“Everyone can point to a need within their municipality and something that they have been waiting for.”


Would the 1 percent increase in HST alleviate some of the pressure to increase property tax at the local level or will there still be a need for an increase? 

That is definitely why the proposal was put forward in the first place. In order to close the gap, collectively we would have to double property taxes in the next ten years. And, certainly there are a number of reasons why that is not a good idea. One of them is that households are shrinking. You have the same property but less people are in it, particularly in Northern Ontario. You also have assessment growth, or in my case, seasonal properties and lakeshore making the assessment so much higher than it would be if it wasn’t on the shore. So, property tax is more of a regressive tax.

The other good thing about HST as opposed to property tax is that the HST would allow you to build in protection for low-income Ontarians, which property tax does not. We already pay some of the highest property tax in Canada. I am constantly hearing about people in my municipality who are going to have to sell their homes because it is two people in their household who are retired, and they have owned the home for 50 years and the property tax is now more than what they paid for the house. They can’t stay there anymore because they are on a fixed income. There would be protection for those people under HST. Plus, visitors pay HST, whereas currently visitors don’t pay for any municipal infrastructure. These are a number of good reasons.

The key to what we were asking, and it is how we laid it out in the polling, was we asked if people were supportive of a 1 percent increase on HST dedicated to municipal infrastructure, and that was the important question. If you did the same polling, and asked what do you think about a 1 percent increase that will go into general provincial funds, it got next to no support – something like 20 percent. But as soon as you said the words municipal infrastructure, the poll bumped up to close to 70 percent. The reason is because they read the news, they see the flooding and the pot holes in the road. They are clamouring for a new sidewalk or this or that to be fixed. Everyone can point to a need within their municipality and something that they have been waiting for. I think it resonates with people because it supports municipal infrastructure.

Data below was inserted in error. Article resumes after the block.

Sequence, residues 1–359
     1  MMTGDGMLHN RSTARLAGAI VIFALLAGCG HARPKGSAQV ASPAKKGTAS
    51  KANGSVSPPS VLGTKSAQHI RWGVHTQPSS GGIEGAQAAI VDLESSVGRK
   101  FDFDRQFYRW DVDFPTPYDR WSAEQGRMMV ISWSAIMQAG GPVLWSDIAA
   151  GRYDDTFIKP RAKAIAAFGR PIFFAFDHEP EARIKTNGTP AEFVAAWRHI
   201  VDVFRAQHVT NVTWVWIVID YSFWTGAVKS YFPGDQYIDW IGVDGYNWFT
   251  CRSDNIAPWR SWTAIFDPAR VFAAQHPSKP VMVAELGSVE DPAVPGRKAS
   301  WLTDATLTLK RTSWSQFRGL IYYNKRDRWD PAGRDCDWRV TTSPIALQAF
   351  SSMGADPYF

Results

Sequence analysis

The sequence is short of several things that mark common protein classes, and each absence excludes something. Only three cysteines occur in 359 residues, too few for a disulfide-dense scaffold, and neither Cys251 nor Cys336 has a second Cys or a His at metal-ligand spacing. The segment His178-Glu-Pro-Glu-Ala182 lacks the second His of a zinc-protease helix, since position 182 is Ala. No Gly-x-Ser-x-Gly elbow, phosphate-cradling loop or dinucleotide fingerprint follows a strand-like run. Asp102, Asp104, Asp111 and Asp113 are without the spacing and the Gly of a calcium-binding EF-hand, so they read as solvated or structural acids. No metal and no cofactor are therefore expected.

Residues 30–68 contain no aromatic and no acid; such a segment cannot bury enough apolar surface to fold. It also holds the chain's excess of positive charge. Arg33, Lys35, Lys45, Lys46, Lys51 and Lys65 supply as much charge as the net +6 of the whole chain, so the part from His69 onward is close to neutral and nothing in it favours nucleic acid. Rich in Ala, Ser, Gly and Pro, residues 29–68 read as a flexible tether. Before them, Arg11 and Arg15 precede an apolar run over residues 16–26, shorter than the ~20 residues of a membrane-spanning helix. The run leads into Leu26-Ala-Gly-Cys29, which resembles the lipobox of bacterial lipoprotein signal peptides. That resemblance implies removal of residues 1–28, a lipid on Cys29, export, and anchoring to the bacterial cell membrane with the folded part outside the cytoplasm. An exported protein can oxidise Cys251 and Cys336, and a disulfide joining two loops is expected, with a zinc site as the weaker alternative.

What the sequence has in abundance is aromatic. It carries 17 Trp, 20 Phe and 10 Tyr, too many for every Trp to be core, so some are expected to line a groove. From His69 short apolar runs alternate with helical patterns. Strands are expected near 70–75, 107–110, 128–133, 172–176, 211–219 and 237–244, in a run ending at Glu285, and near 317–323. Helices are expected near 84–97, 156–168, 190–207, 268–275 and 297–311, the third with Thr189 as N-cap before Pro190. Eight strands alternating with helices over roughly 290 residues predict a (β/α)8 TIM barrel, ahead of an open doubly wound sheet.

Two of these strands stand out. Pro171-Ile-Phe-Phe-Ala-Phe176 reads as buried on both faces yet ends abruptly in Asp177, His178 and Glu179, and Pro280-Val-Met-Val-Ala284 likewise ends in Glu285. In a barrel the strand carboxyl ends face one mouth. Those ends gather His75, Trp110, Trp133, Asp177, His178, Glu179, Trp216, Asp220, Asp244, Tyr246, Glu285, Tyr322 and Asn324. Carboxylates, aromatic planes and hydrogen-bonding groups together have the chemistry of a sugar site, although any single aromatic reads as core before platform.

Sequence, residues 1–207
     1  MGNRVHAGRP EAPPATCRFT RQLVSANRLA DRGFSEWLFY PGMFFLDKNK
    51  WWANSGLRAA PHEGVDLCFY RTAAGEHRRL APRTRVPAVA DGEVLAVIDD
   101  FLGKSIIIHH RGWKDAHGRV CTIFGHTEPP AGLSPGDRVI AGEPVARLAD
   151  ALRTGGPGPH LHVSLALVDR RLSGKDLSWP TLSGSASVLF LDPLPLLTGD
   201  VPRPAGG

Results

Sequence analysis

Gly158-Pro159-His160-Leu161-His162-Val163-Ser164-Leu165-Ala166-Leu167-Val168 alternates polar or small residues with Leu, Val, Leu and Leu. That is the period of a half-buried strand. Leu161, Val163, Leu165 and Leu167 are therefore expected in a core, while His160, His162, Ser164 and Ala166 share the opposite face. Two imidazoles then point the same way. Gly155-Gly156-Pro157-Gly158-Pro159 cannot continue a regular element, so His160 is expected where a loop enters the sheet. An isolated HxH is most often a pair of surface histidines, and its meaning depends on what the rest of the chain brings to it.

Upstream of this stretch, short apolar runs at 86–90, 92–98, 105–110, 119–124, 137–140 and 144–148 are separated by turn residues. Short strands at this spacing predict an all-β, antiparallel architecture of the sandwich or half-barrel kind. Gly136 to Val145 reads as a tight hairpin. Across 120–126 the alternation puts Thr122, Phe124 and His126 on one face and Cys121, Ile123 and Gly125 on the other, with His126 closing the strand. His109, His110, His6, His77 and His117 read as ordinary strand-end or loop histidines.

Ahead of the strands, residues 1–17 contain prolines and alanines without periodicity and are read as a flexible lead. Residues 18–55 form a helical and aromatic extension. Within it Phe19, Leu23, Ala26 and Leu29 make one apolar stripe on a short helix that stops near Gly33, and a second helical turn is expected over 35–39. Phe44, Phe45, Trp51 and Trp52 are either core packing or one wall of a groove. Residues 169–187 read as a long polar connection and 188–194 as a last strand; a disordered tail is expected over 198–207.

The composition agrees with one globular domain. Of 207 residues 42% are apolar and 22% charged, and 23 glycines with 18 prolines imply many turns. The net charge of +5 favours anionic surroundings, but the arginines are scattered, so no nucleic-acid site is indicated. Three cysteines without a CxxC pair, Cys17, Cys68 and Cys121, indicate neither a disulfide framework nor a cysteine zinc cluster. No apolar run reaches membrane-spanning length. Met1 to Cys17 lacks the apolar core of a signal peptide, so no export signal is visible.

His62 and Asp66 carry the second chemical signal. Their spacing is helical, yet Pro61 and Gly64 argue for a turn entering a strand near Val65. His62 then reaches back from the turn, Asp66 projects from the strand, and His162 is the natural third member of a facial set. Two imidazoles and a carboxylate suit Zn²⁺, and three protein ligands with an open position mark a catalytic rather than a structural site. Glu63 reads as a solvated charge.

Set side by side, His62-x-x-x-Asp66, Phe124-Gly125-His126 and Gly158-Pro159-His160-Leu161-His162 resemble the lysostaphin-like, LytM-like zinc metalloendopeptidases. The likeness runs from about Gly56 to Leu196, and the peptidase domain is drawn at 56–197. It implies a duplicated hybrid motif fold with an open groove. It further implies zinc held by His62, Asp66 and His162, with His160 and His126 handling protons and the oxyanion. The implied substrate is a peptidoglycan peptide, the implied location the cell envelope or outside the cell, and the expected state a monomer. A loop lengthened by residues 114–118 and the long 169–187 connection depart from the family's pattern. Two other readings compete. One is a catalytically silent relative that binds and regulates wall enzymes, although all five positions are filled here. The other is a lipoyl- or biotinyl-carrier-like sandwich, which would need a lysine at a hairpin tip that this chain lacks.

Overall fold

We even supported that property taxes would still rise to the rate of inflation – this isn’t about trying to get a zero percent property tax increase. We are trying to accelerate infrastructure work that is on the books but hasn’t been affordable, while keeping property taxes at the rate of inflation. And, even with the HST increase, we figure that it would raise about $2.5 billion, which is only half of the gap. So, it wouldn’t stop municipalities from looking for further efficiencies and making sure that they are stretching every dollar. But it would go a long way with allowing municipalities to get going on things that they have been postponing for years just because of fiscal restraints.


STEFANIE FISHER received her honour’s bachelor’s degree from King’s University College at Western University in Political Science and her master’s degree from the Norman Paterson School of International Affairs at Carleton University. Previously, Stefanie has worked as a research assistant, contributing to several different projects, including one on the Futures of Terrorism. In addition, as a part of her master’s research she looked at municipal critical infrastructure and the different regional infrastructure funding programs such as the Ontario Gas Tax Fund.